The required axial clamping force versus rotational drag is determined by calculation and experimentation. The axial force is maintained slightly higher than the rotational drag (radial force) to minimize the rotational speed of the carbon. This axial force acts at the face 15 and on the drag pad 17 next to the fracture and retards rotation of the carbon.
The air which enters through the openings 24 is at a higher pressure than the ambient pressure at the entrance to labyrinth seal 11. This insures a positive flow through the labyrinth seal to the left as viewed in FIG. 1 and prevents the entrance of sand and dust or other particulate contaminants. This naturally implies selection of a bleed point for the air supply to openings 24 from a clean source of air.
Among the advantages of this new design are: (1) very simple design; (2) very small seal envelope; (3) more life expectancy due to self-cleaning of mating surfaces; (4) lower cost; (5) the carbon ring will not be subject to impact as in the current pin design during lubrication starved, or dry contact; (6) able to run at higher pressure, carbon O.D. can be smaller; (7) almost complete enclosure of carbon ring keeps pieces from escaping into the bearing cavity in case of multiple fractures of carbon ring; (8) gravity scavenge is all that is needed to return the oil to the sump. A separate scavenge pump is not needed and will unbalance the system.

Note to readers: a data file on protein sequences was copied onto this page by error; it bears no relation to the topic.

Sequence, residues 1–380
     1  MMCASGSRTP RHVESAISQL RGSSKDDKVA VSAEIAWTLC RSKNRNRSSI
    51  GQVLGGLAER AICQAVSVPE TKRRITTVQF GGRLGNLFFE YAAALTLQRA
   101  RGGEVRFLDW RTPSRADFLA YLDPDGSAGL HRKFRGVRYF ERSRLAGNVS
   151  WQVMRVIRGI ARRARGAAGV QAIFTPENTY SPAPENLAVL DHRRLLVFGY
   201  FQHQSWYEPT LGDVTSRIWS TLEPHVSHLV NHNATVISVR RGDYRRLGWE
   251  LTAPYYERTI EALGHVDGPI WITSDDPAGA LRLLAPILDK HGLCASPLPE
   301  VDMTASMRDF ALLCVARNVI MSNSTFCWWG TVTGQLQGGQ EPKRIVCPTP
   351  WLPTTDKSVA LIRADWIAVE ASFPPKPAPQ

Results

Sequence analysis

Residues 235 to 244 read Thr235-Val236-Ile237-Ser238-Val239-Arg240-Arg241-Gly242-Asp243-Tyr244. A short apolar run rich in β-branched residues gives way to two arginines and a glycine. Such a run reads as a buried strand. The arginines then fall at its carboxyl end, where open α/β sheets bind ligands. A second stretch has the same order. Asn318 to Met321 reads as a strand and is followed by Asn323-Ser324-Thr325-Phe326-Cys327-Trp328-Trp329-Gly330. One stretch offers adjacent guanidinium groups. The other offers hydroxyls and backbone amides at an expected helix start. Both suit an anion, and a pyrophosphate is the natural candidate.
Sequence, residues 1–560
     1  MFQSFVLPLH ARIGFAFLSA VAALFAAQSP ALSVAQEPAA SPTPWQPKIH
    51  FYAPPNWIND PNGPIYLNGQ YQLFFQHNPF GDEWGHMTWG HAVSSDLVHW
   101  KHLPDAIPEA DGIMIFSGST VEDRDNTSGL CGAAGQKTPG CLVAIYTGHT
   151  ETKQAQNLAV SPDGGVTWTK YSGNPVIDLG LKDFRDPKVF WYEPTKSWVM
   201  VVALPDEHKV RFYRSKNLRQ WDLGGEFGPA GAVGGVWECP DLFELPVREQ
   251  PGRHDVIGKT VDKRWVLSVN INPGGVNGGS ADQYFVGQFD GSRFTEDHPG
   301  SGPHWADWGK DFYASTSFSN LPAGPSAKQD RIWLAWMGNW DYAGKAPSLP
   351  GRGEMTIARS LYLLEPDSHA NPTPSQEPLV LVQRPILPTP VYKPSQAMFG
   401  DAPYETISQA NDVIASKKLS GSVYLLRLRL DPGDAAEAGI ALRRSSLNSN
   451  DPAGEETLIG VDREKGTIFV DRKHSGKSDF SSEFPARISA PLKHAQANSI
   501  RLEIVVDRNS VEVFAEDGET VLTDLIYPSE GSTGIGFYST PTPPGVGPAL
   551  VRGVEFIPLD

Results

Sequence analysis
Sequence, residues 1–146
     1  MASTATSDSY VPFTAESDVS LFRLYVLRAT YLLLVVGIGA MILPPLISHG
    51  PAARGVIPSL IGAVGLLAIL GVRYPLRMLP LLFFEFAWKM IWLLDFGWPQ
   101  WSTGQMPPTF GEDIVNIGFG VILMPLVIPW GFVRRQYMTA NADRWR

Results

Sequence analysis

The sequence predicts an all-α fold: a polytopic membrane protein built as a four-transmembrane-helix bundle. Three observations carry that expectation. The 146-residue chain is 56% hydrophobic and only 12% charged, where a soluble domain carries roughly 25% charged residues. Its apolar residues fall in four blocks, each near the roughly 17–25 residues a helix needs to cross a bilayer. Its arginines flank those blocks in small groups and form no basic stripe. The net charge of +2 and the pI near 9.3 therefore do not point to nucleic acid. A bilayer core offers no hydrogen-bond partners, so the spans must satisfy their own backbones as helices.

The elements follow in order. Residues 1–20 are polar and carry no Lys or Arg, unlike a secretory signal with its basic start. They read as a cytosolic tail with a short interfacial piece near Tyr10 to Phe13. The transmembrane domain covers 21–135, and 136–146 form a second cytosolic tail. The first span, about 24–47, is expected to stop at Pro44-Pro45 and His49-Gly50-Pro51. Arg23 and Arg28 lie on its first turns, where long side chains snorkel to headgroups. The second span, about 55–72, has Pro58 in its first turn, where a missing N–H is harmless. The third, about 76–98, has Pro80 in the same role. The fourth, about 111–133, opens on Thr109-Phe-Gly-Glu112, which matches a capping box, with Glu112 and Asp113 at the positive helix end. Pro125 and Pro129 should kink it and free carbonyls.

It will be apparent to persons skilled in the art that the foregoing embodiments are subject to many modifications and adaptations. For example, while we show a separate seal runner 11 mounted on a shaft 12, it will be understood that the invention can work equally well where the seal runner is integral with the shaft. It is also understood depending on the specific engine configuration and seal environmental location that optimum seal performance may be achieved without internal pressurization.
|Cited Patent||Filing date||Publication date||Applicant||Title|
|US3190661 *||Feb 8, 1962||Jun 22, 1965||Gits Bros Mfg Co||Vented seal with stationary spaced sealing members|
|US3964753 *||Jan 9, 1975||Jun 22, 1976||Avco Corporation||Controlled aperture seal|
|Citing Patent||Filing date||Publication date||Applicant||Title|
|US4576384 *||Jan 3, 1985||Mar 18, 1986||A. W. Chesterton Company||Split mechanical face seal|
|US5571268 *||Dec 16, 1993||Nov 5, 1996||A.W. Chesterton Company||Universal split mechanical seal|
|US5711532 *||Dec 16, 1993||Jan 27, 1998||A. W. Chesterton Company||Securing and centering devices for a split mechanical seal|
|US5725220 *||May 16, 1995||Mar 10, 1998||A.W. Chesterton Company||Securing and centering devices for a split mechanical seal|
|US6550779||Nov 5, 2001||Apr 22, 2003||Northeast Equipment, Inc.||Mechanical split seal|
|US6814355||Apr 1, 2003||Nov 9, 2004||Northeast Equipment, Inc.||Mechanical split seal|
|US7175388||Apr 21, 2005||Feb 13, 2007||Pratt & Whitney Canada Corp.||Integrated labyrinth and carbon seal|
|US8591116||May 8, 2009||Nov 26, 2013||Parker-Hannifin Corporation||Bearing isolating seal|
|US20040201176 *||Apr 29, 2004||Oct 14, 2004||Bjornson Carl C.||Mechanical split seal|
|U.S. Classification||277/350, 277/412, 277/411, 277/930, 277/931|
|Cooperative Classification||Y10S277/931, F16J15/30, Y10S277/93|
|Nov 14, 1994||AS||Assignment|
Owner name: ALLIEDSIGNAL INC., NEW JERSEY
Free format text: ASSIGNMENT OF ASSIGNORS INTEREST;ASSIGNOR:AVCO CORPORATION;REEL/FRAME:007183/0633
Effective date: 19941028